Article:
BAMAKO, Mali — Al-Qaida-linked Islamist groups took control of northern Mali earlier this year, prompting concerns that the vast desert expanse could become a jihadist safe haven. Since then, U.S. policymakers have openly entertained the possibility of kinetic operations, such as drone strikes in northern Mali, and pundits are asking if the landlocked West African nation now constitutes a new front in the war on terror. Largely overlooked in this discussion, however, is the fact that United States has been heavily engaged in counterterrorism activities in this part of Africa for more than a decade — an engagement that has […]

One of the challenges that President Barack Obama faces in his second term is how to salvage his vaunted reset of relations with Russia. An important assumption in Obama’s attempt to jumpstart what had been a rapidly deteriorating bilateral relationship during the second terms of both George W. Bush and Russian President Vladimir Putin was that Obama would be dealing with a younger, more modern, liberalizing Dmitry Medvedev as Russian president. While there was no illusion that Putin, as prime minister, was still an influential figure in Russian politics, the reset was predicated on the hope that Medvedev would, over […]

Since the Obama administration announced a strategic “pivot” to Asia in October 2011, since recharacterized as a “rebalancing,” U.S. policy in the region, and the world, has been seen through the prism of the much-anticipated Asian Century. With an eye to China’s rising influence, Washington has been strengthening its ties with regional allies and partners. At the same time, China’s neighbors have been shoring up relations and creating new partnerships among themselves to respond to the shifting landscape. This WPR Special Report reviews the strategic shift to Asia. The View From Washington U.S. Must Put Words Into Action in Asia-PacificBy […]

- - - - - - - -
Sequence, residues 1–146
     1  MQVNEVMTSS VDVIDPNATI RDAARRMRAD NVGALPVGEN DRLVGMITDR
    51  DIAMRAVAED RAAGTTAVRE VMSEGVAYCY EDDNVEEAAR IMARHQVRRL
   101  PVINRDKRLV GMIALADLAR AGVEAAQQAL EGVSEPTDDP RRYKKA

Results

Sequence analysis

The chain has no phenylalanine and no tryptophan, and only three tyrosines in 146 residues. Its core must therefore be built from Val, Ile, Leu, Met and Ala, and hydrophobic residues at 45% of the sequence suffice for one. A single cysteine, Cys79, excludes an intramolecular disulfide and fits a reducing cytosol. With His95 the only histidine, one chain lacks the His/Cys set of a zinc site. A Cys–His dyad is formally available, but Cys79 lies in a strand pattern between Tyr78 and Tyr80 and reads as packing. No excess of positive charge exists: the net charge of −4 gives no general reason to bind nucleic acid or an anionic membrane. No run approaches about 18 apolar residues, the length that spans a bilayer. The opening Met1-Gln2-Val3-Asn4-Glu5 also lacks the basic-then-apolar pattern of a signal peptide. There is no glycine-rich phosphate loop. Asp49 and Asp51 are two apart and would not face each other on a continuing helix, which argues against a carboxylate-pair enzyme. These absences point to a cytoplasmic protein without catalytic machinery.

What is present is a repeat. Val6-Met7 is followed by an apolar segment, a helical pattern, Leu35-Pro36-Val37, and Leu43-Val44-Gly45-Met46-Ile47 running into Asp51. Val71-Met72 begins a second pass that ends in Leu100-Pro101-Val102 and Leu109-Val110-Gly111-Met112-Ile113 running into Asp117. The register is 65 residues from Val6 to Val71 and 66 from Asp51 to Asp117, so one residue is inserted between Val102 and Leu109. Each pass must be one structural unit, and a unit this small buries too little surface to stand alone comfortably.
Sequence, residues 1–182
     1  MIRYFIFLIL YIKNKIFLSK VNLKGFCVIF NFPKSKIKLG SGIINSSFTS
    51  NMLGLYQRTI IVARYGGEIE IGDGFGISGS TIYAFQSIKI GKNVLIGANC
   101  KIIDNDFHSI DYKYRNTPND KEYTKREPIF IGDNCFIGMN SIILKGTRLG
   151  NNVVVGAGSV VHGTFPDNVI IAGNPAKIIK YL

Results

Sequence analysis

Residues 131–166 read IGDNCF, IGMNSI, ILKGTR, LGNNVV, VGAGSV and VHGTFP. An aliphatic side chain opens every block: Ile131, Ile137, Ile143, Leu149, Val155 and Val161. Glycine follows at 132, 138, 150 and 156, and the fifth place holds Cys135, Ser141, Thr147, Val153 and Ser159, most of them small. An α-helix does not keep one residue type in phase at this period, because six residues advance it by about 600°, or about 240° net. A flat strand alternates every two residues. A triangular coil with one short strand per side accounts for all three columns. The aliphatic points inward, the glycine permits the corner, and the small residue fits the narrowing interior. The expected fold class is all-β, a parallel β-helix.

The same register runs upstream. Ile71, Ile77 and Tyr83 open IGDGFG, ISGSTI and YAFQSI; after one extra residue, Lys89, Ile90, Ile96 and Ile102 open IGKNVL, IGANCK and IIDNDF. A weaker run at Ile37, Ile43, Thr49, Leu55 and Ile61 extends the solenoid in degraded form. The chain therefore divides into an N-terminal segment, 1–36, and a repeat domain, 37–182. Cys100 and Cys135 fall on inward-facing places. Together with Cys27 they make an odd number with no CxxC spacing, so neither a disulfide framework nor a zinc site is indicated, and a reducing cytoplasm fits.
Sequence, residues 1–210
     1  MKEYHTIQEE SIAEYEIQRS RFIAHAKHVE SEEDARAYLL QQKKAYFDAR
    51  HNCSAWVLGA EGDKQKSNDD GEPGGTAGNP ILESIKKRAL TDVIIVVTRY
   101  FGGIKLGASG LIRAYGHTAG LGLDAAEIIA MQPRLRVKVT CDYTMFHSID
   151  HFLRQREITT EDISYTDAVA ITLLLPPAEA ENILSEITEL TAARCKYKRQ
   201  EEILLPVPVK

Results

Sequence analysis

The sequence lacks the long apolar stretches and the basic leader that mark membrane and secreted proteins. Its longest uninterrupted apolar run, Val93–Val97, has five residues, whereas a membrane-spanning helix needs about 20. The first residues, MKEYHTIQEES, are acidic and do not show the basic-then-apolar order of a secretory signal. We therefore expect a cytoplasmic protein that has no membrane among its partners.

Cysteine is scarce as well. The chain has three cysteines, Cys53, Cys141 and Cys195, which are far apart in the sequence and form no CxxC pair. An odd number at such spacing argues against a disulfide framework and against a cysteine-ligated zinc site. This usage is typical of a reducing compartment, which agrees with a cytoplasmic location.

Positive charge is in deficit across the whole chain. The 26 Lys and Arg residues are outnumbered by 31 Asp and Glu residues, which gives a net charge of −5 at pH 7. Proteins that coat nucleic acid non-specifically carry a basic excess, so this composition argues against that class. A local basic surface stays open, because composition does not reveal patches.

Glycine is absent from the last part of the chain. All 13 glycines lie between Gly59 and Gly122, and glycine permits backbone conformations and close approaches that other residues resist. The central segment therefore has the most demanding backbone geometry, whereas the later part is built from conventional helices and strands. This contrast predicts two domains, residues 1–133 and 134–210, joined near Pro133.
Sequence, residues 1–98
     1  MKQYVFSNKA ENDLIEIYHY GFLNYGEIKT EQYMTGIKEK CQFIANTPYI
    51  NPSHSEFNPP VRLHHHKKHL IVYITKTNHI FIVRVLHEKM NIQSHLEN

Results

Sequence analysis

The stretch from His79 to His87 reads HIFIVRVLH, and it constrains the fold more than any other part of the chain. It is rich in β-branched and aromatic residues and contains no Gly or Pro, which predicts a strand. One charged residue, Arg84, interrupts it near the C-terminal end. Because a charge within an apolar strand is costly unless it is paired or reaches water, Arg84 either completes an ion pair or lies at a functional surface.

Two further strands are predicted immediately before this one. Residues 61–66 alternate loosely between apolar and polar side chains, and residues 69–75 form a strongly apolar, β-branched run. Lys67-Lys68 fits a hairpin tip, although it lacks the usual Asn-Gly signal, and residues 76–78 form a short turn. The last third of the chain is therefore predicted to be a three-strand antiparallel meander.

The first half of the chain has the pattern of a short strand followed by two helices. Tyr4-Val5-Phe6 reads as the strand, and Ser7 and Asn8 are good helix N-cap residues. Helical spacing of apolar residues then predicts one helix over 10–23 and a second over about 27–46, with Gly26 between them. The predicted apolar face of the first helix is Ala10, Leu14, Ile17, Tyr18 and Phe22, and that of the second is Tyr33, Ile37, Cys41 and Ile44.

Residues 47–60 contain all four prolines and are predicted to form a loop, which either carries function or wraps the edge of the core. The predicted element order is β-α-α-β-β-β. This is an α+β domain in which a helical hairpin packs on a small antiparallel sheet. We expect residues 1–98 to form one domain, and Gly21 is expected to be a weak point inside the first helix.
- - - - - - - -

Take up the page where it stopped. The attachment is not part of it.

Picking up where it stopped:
When the Cold War began in the late-1940s, the U.S. military entered uncharted waters. Previously, the American tradition had been to mobilize the Army and Navy when war was unavoidable, defeat the enemy, demobilize and then come home. That was clearly inadequate for a dangerous new world where the Soviet Union and its allies threatened fragile U.S. allies with direct attack, subversion or insurgency. The new circumstances called for a new strategy built on sustained global engagement and forward presence. This, in turn, required a different security architecture. In Washington, the newly created National Security Council integrated interagency efforts, and […]

Although Russia and China are the only countries that have the capability to conduct a large-scale ballistic missile attack on the U.S. homeland, neither one is the focus of U.S. ballistic missile defense efforts, due to the unlikelihood of such an attack. Nevertheless, both Moscow and Beijing have repeatedly expressed their concerns that U.S. missile defenses will negatively impact their own strategic capabilities and interests. While China shares some of Russia’s concerns and responses regarding U.S. missile defenses, Beijing’s objections also differ in certain respects. Both countries fear that U.S. BMD systems threaten to weaken their nuclear deterrents and undermine […]

When Air Force One touched down at Yangon’s Mingaladon Airport on Nov. 19, Barack Obama became the first sitting U.S. president to visit Myanmar. Though the visit only lasted six hours and was bookended by longer stops in Thailand and Cambodia, it was critical not only for maintaining Myanmar’s momentum toward reform but also for solidifying its place in the U.S. regional strategy in Asia. Despite the symbolism, the Obama administration insisted that the president’s visit was not intended as a premature “victory lap” to celebrate Myanmar’s reforms, as critics claimed it risked being perceived, but only to sustain a […]